Enhancing the Literacy Experience for Students who are Deafblind Presenter: Deirdre Leech, M.Ed. Perkins School for the Blind Deafblind Program
OverviewOverview Literacy challenges for students with Deafblindness and Multiple Disabilities Ideas on how to encourage other teachers of Deafblind students to incorporate literacy into the school day Several ways to adapt books for all types of learners
What is literacy? Old definition: “ability to read and write”
New definition: “Proficiency in understanding and using written as well as spoken language as a reader, writer, speaker, and listener. Literacy is an integrated process which develops gradually from birth and is built upon learning from broad experiences, linking language with the development of concepts, and providing exposure to the written word in a variety of meaningful contexts” (Wright, 1997).
Goals of Reading & Writing Reading: for the reader to obtain meaning from text and apply it to the world and oneself. Writing: to communicate an individual’s understanding of the world and themself through written text. (Koppenhaver, 2000)
ChallengesChallenges Children with Deafblindness have limited opportunities for incidental learning Reduced exposure to literacy Lack of early experiences Read aloud to less Lack of readily available materials Motivation
Lack of Early Literacy Experiences Child may not oversee parents and siblings reading newspapers, writing out grocery lists, and reading books May not hear or process language in stories being read aloud For medically fragile children, medical interventions often take precedence over other learning opportunities, including literacy
Lack of Early Literacy Experiences Delayed concept development due to: visual impairments hearing impairments motor impairments health issues behavioral issues
Lack of Exposure to Stories Read Aloud Limited opportunity for reading time Limited access to appropriate print materials Access to dual media books (Braille/Print/auditory/tactile) Limited sign language capabilities to communicate the story Incorporating individual communication strategies “Reading aloud regularly to a child from infancy is the most important factor in building a foundation for the enjoyment and success in reading”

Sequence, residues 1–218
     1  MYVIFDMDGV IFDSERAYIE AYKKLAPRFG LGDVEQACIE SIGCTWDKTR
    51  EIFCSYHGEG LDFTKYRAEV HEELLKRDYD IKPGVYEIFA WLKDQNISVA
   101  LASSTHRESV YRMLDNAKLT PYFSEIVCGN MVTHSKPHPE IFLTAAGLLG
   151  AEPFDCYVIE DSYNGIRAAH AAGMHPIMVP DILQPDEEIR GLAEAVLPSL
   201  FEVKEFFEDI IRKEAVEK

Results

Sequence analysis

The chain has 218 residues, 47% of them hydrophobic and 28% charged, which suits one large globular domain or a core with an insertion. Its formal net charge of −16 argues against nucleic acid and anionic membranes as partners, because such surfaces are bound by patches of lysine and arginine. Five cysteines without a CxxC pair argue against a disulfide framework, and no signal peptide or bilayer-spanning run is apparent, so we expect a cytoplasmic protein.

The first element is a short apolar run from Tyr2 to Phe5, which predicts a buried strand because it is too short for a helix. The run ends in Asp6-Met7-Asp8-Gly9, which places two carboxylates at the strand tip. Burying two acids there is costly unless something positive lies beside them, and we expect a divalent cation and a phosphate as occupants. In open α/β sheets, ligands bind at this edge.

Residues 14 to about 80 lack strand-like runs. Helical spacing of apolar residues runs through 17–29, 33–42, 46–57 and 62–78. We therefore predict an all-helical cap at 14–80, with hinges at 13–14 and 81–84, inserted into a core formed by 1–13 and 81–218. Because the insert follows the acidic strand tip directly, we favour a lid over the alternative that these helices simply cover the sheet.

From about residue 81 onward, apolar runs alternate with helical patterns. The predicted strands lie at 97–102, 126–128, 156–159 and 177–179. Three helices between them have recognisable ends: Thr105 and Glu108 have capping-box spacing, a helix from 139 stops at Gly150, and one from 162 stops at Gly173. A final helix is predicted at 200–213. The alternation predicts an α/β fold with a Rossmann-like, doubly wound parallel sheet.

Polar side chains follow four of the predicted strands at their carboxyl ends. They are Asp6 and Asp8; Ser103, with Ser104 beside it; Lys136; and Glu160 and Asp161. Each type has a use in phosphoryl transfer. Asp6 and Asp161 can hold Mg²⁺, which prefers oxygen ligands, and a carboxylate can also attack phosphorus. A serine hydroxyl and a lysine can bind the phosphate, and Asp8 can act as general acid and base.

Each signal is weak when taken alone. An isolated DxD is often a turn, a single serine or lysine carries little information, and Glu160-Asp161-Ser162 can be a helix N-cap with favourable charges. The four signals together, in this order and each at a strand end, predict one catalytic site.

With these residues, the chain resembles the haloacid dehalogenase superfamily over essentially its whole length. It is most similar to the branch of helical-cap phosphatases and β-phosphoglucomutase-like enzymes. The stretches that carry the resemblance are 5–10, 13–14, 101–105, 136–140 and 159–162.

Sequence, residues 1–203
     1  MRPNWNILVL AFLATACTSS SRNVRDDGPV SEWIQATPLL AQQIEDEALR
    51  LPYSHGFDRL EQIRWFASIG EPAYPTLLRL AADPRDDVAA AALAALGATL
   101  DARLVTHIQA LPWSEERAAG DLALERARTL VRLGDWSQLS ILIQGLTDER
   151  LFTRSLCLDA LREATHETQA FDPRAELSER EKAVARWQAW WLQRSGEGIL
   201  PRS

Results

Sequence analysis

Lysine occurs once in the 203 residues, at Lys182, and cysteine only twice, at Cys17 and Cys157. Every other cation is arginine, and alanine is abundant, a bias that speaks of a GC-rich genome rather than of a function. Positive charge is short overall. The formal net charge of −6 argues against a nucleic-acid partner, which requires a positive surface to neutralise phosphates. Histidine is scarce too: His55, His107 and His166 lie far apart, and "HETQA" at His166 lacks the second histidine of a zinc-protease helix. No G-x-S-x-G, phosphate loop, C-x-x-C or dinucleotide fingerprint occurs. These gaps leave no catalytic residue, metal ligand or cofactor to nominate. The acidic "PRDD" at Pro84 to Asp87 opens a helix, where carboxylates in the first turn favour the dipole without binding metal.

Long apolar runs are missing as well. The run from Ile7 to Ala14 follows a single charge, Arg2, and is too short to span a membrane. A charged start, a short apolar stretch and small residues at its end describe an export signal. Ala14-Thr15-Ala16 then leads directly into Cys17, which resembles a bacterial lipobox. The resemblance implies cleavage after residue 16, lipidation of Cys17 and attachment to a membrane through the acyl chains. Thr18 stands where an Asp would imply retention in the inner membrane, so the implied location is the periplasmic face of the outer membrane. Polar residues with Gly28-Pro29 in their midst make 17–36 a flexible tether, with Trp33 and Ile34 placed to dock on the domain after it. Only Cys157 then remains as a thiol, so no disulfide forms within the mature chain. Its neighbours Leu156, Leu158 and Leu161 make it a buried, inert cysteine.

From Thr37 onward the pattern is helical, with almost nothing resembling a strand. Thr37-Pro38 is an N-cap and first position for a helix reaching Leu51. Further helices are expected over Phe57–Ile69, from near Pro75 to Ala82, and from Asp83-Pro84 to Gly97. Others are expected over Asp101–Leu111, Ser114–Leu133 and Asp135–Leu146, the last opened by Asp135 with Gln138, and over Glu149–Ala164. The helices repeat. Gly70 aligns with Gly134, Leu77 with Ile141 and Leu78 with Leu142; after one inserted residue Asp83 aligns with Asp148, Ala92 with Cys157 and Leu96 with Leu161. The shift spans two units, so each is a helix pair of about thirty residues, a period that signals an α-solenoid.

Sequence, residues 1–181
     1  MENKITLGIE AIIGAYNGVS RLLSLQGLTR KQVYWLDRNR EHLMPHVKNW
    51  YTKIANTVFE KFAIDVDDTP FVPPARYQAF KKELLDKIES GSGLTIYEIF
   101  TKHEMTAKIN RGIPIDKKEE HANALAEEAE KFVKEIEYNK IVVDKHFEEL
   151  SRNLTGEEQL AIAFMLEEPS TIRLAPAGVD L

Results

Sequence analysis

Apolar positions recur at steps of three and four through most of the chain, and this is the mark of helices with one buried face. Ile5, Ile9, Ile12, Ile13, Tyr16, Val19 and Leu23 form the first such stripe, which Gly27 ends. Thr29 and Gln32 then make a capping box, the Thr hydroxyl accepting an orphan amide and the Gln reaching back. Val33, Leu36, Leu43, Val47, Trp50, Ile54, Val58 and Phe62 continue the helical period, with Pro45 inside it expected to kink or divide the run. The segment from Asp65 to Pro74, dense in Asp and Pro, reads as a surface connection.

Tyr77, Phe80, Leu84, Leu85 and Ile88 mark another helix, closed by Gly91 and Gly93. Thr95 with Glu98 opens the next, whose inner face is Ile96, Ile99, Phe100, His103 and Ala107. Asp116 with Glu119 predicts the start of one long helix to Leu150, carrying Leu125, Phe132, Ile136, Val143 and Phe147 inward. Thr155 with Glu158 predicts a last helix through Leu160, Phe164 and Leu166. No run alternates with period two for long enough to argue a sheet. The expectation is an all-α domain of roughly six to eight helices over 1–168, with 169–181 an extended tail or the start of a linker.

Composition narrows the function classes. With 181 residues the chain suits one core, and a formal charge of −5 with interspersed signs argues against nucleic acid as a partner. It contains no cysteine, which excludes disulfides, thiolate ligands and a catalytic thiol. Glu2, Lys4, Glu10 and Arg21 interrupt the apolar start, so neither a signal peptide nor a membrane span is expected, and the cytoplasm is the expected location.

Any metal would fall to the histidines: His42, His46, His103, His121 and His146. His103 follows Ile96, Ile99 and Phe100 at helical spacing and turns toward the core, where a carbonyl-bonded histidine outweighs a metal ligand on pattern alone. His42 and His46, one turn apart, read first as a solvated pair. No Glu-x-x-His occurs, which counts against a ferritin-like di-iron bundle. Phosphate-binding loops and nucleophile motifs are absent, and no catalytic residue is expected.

Lack of Motivation Child See no value in books or reading May only be motivated by music, sounds, flip-ups, tactile components, movement Parents May not get enough feedback or response from child May think story time is not enjoyable for child Teachers Time consuming to make materials Diversity of students in classroom
What are some strategies to incorporate literacy throughout the school day and at home?
Modify the environment Exposure, exposure, exposure! Display visual, tactile, and sign language alphabets Label the environment Use Bulletin boards Thematic Unit vocabulary, display favorite books Organize room Accessibility to materials (height, distance) Name symbols (labeling, attendance cards)
Encourage Book Handling Skills Books have: Top and bottom Front and back Title and Author We read print/Braille from left to right, top to bottom Explore books through touching and feeling
Have several options available A typical classroom has many shelves of books for a child to choose from Children who are Deafblind do not have this many choices available for many reasons Don’t just go to the library, create your own personal library in classroom/home!
Read aloud Reading aloud regularly to a child from infancy is the most important factor in building a foundation for the enjoyment and success in reading
Create Story Boxes & Literacy Kits Story box includes: Props related to the story Adapted book(s) appropriate for each student Switches Literacy Kit includes: Story box Communication boards Extension activities Worksheets Games Electronic activities Assessment
Story Boxes Objects only Repetitive line picture book with objects and materials Story books with materials Curriculum books with materials ConcreteAbstract
Goals of the Lesson Teaching reading skills (decoding) Simplified language Length of text on each page Material includes familiar vocabulary Content is interesting Comprehension skills Use more listening (attention) skills Include picture and/or symbol support Assessment activity
Adapting books Modifications to the TEXT Modifications to the PICTURES Modifications to the BOOK
Modifications to the TEXT Make text accessible by adding Braille Make text accessible by replacing smaller print with enlarged print Provide contrast Simplify the content If student is not reading print or Braille at the level of the text in the book Support print with picture or tactile symbols
Modifications to the BOOK Use cardboard to make pages thicker, easier to manipulate, and more durable Add “page fluffers” Rebind the book so it stays open more easily Take pages out and put into protective sheets Laminate pages Tactile enhancements